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The great grey owl or great gray owl (Strix nebulosa) is a very large owl, documented as the world’s largest species of owl by length. It is distributed across the Northern Hemisphere. In some areas it is also called Phantom of the North, cinereous owl, spectral owl, Lapland owl, spruce owl, bearded owl, and sooty owl.
Although the Great Gray Owl is the tallest American owl with the largest wingspan, it is just a ball of feathers. It preys on small mammals and has relatively small feet. Both the Great Horned and Snowy owls weigh half again as much, and have larger feet and talons.
Adults have a large rounded head with a grey face and yellow eyes with darker circles around them. The underparts are light with dark streaks; the upper parts are grey with pale bars. This owl does not have ear tufts and has the largest facial disc of any raptor.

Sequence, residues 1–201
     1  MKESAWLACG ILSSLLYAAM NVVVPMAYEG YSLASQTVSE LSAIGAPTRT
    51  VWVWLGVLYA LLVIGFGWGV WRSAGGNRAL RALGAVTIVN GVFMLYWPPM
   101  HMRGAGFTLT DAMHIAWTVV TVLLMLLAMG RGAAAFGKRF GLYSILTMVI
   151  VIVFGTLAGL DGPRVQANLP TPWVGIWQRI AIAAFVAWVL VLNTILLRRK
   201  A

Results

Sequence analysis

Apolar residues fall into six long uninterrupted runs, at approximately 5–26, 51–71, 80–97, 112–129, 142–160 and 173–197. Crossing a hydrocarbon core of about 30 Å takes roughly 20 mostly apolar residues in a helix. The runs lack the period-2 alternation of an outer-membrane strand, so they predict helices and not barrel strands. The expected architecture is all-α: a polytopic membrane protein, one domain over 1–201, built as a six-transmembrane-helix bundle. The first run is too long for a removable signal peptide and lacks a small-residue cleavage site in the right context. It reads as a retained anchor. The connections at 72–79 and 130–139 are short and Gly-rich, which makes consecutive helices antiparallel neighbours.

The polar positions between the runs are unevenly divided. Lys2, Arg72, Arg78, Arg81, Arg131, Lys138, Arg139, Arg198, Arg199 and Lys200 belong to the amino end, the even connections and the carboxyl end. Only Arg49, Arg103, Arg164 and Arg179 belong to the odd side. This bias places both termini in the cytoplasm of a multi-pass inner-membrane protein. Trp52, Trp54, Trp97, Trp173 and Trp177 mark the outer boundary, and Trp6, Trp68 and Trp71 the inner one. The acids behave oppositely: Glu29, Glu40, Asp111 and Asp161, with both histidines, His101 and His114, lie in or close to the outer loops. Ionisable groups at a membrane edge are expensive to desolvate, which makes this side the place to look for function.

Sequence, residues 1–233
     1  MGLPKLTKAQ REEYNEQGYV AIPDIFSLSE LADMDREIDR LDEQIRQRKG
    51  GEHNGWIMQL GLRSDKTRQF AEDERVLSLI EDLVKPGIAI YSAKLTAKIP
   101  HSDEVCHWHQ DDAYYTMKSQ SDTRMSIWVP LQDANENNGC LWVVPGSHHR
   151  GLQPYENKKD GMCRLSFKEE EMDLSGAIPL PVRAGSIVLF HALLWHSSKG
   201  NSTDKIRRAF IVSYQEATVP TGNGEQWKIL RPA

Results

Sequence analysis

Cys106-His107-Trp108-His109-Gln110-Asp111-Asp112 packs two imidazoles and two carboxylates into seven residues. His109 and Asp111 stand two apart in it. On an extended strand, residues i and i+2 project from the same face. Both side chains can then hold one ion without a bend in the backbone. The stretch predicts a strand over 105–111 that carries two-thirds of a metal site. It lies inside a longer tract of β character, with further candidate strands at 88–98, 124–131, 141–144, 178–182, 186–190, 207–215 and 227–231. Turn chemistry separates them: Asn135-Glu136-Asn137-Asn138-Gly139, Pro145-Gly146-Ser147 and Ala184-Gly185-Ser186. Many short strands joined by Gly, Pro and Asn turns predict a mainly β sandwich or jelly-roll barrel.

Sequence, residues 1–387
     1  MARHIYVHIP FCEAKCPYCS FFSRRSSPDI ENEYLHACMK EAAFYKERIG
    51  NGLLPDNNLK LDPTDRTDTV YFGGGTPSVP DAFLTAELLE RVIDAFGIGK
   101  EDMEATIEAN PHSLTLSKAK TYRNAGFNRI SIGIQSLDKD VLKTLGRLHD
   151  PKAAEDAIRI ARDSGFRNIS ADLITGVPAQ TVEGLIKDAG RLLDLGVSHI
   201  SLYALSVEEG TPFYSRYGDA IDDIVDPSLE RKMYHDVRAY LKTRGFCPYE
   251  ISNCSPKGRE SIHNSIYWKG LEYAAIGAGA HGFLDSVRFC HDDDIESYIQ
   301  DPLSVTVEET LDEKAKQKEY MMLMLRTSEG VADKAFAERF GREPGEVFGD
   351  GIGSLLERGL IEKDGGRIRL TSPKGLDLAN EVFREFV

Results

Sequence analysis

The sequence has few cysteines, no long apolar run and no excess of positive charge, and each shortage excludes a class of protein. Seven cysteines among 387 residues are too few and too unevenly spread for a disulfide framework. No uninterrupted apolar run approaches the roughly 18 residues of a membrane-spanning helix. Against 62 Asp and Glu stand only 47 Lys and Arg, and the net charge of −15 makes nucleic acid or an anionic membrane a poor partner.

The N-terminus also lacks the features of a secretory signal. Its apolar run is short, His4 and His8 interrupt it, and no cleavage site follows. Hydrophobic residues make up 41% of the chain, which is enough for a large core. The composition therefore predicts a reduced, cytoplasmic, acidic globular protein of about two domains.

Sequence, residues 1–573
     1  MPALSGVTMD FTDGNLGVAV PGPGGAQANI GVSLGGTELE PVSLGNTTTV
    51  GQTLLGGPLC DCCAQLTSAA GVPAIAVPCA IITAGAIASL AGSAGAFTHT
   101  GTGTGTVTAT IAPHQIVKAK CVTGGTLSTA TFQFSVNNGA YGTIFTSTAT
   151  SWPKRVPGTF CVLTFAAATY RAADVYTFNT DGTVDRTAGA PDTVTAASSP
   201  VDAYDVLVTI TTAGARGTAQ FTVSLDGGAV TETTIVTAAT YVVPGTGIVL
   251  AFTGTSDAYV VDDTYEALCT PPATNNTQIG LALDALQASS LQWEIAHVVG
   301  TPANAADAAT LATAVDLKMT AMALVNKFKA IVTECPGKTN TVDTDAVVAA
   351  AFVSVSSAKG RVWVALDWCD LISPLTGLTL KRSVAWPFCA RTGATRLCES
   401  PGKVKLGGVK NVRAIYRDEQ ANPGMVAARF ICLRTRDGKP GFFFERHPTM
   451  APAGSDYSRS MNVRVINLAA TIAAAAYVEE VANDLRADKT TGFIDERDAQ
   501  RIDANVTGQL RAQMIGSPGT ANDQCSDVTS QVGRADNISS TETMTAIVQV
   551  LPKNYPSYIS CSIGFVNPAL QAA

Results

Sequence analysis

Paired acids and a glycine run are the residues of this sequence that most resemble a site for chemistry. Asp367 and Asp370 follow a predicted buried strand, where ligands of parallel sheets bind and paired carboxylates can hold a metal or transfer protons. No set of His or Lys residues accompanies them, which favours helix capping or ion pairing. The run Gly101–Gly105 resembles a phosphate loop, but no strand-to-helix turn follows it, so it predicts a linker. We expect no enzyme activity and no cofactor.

In terms of length, the great grey owl is believed to exceed the Eurasian eagle-owl and the Blakiston’s fish owl as the world’s largest owl. The great grey is outweighed by those two species as well as several others, including most of the Bubo genus. Much of its size is deceptive, since this species’ fluffy feathers, large head and the longest tail of any extant owl obscure a body lighter than that of most other large owls. The length ranges from 61 to 84 cm (24 to 33 in), averaging 72 cm (28 in) for females and 67 cm (26 in) for males. The wingspan can exceed 152 cm (60 in), but averages 142 cm (56 in) for females and 140 cm (55 in) for males. The adult weight ranges from 580 to 1,900 g (1.28 to 4.19 lb), averaging 1,290 g (2.84 lb) for females and 1,000 g (2.2 lb) for males. The males are usually smaller than females, as with most owl species.
These birds wait, listen, and watch for prey, then swoop down; they also may fly low through open areas in search of prey. Their large facial disks, also known as “ruffs”, focus sound, and the asymmetrical placement of their ears assists them in locating prey, because of the lack of light during the late and early hours in which they hunt. On the nesting grounds, they mainly hunt at night and near dawn and dusk; at other times, they are active mostly during the night.
Source: wikipedia, allaboutbirds.org